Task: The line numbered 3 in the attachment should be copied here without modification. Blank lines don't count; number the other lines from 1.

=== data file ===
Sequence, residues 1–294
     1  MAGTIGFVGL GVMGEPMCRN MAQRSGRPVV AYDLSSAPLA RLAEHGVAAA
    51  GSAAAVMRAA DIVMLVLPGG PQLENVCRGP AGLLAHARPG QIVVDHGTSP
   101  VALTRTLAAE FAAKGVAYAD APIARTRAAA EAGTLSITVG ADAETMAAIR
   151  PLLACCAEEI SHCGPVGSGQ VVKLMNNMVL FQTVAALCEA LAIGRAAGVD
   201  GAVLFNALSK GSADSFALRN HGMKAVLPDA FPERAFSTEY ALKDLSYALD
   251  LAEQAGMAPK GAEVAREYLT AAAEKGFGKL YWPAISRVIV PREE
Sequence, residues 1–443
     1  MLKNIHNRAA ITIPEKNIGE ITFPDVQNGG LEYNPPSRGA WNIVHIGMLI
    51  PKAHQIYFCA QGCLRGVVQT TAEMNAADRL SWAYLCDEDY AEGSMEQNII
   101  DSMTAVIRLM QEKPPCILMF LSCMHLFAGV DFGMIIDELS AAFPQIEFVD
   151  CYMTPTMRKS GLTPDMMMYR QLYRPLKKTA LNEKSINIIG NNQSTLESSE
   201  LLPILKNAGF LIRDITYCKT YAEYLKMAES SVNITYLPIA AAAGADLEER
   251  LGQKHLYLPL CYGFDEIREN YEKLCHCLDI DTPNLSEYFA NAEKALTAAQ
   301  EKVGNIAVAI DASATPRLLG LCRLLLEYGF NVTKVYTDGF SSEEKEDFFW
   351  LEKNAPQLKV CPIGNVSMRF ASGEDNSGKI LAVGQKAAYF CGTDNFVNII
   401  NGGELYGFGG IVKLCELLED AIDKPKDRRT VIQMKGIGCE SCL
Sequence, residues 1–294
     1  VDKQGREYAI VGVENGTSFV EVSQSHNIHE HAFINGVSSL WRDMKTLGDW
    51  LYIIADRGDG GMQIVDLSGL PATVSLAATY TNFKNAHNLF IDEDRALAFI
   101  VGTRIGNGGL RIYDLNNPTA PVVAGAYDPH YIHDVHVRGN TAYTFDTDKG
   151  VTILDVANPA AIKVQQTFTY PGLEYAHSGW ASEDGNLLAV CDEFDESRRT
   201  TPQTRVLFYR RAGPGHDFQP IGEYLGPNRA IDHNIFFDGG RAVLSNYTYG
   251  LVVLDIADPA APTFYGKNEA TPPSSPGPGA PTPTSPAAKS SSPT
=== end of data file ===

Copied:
    51  GSAAAVMRAA DIVMLVLPGG PQLENVCRGP AGLLAHARPG QIVVDHGTSP